1. ## Parallel/Perpendicular Lines

Determine the equation of the line that passes through the point (2,1) and is:
a. Parallel to the line 3x-2y=4
b. Perpendicular to the line 3x-2y=4

First, I rearranged 3x-2y=4 to be in slope-intercept form:
y=3/2x-2

For part b, I took the slope and put it into point-slope form:
y-1=3/2(x-2)
and got the same thing as slope-intercept form.

I think I'm doing something wrong....

2. Originally Posted by BeSweeet
Determine the equation of the line that passes through the point (2,1) and is:
a. Parallel to the line 3x-2y=4
b. Perpendicular to the line 3x-2y=4

First, I rearranged 3x-2y=4 to be in slope-intercept form:
y=3/2x-2

For part b, I took the slope and put it into point-slope form:
y-1=3/2(x-2)
and got the same thing as slope-intercept form.

I think I'm doing something wrong....

HI

(a) m=3/2 , since it is parallel , then substitute into the equation
y-y1=m(x-x1)

(b) m=-2/3 because it is perpendicular (m1m2=-1) , then substitute into the same equation as (a) .

3. The point (2,1) is on the line, so the question a) doesn't make sense.

For b), the slope of the perpendicular line is $-\frac{2}{3}$

4. I have to determine the equation of the line. Would the equation just be in slope-intercept form once I do the thing for point-slope?

5. Ok, I think I got it!

For parallel lines, just find the slope, and stick that into point-slope form.

For perpendicular lines, find the slope, and find what other number it will multiply by to equal -1, then stick that into point-slope form.

I just have one [stupid] question: How about did you getting -2/3?

6. Consider the line $\ell: Ax+By+C=0$
Any line parallel to $\ell$ has this form: $Ax+By+D=0$.

Any line perpendicular to $\ell$ has this form: $-Bx+Ay+E=0$.

7. Originally Posted by Plato
Consider the line $\ell: Ax+By+C=0$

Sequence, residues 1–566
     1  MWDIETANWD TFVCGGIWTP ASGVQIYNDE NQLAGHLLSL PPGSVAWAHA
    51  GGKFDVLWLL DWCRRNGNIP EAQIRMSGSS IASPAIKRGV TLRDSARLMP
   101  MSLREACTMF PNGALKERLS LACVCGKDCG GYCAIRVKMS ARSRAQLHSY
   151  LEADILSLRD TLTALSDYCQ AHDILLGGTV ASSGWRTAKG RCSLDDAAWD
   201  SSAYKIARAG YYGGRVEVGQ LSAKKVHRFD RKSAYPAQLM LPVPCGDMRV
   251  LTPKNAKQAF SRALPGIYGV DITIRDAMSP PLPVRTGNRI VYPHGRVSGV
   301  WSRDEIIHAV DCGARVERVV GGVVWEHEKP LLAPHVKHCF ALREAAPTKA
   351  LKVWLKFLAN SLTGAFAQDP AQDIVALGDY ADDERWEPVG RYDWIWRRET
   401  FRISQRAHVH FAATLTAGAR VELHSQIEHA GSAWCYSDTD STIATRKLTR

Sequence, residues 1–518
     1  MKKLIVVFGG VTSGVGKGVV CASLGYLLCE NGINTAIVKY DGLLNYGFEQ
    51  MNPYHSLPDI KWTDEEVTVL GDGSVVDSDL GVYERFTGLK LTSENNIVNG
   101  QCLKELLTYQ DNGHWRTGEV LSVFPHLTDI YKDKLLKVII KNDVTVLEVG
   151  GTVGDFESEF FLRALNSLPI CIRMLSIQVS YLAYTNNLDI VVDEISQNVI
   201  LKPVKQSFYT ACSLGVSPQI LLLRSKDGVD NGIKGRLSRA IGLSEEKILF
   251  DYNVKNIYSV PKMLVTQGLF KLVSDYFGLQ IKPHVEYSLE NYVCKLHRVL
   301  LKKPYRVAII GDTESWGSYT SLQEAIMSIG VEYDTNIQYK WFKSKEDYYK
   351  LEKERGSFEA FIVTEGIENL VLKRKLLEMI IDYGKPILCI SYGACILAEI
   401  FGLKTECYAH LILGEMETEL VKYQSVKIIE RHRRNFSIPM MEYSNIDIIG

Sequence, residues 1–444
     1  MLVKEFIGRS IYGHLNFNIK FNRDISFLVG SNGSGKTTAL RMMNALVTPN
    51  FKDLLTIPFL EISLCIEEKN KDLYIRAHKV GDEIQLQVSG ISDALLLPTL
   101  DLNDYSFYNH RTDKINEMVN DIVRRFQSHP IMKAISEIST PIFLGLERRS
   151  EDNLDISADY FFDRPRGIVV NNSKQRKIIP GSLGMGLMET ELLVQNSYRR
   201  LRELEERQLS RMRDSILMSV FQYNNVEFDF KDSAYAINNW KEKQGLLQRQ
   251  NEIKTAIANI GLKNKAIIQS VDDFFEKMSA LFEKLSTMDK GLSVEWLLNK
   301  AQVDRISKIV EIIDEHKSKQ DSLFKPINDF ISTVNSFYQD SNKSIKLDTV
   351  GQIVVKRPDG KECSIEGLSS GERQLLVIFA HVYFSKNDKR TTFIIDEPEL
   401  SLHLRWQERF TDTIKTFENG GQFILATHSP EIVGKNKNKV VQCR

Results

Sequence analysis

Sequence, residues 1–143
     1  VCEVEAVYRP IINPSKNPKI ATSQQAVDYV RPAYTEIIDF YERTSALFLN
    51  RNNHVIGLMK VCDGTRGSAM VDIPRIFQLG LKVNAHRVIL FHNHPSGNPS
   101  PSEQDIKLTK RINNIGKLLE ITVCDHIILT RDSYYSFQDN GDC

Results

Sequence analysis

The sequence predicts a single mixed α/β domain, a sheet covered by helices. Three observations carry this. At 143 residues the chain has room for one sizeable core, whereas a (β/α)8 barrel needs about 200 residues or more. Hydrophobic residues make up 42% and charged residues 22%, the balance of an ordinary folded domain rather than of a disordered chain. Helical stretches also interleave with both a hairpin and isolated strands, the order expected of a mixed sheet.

Any line parallel to $\ell$ has this form: $Ax+By+D=0$.

Any line perpendicular to $\ell$ has this form: $-Bx+Ay+E=0$.
Well that just made things even worse .

8. Originally Posted by BeSweeet
Well that just made things even worse .
Why do you say that?
Example: Write lines parallel and perpendicular to $3x-4y+7=0$ through the point $(0,1)$.

Parallel: $3x-4y+D=0$
Perpendicular: $4x+3y+E=0$

Now all you have to do is substitute $x=0~\&~y=1$ to find $D~\&~E$.

9. Originally Posted by Plato
Why do you say that?
Example: Write lines parallel and perpendicular to $3x-4y+7=0$ through the point $(0,1)$.

Parallel: $3x-4y+D=0$
Perpendicular: $4x+3y+E=0$

Now all you have to do is substitute $x=0~\&~y=1$ to find $D~\&~E$.
That's really confusing. Where did C go? Did you subtract it from both sides? ( $3x-4y=-7$).

Isn't it easier (for parallel) to just find the slope, and stick it into point-slope form to get my equation, and for perpendicular, find the slope that is equal to -1 (when multiplied by the other number), stick it into point-slope form, and get my equation?

10. In your case, websites such as this seem to do more harm than good.
You need a sit-down, one-to-one, tutorial with a live instructor.
You have some fundamental misunderstandings.

11. For most of my other questions, they were answered and were eventually figured out and I understood them.

I understand this problem by what I've said here, but not by what you said.

12. Originally Posted by BeSweeet
Ok, I think I got it!

For parallel lines, just find the slope, and stick that into point-slope form.

For perpendicular lines, find the slope, and find what other number it will multiply by to equal -1, then stick that into point-slope form.

I just have one [stupid] question: How about did you getting -2/3?
The gradient of the line 3x-2y=4 is 3/2.

And you should know that if two lines are perpendicular, then the product of their gradients is equal to -1: $m_{1} m_{2} = -1$.

So $\frac{3}{2} \, m_{2} = -1 \Rightarrow m_2 = - \frac{2}{3}$.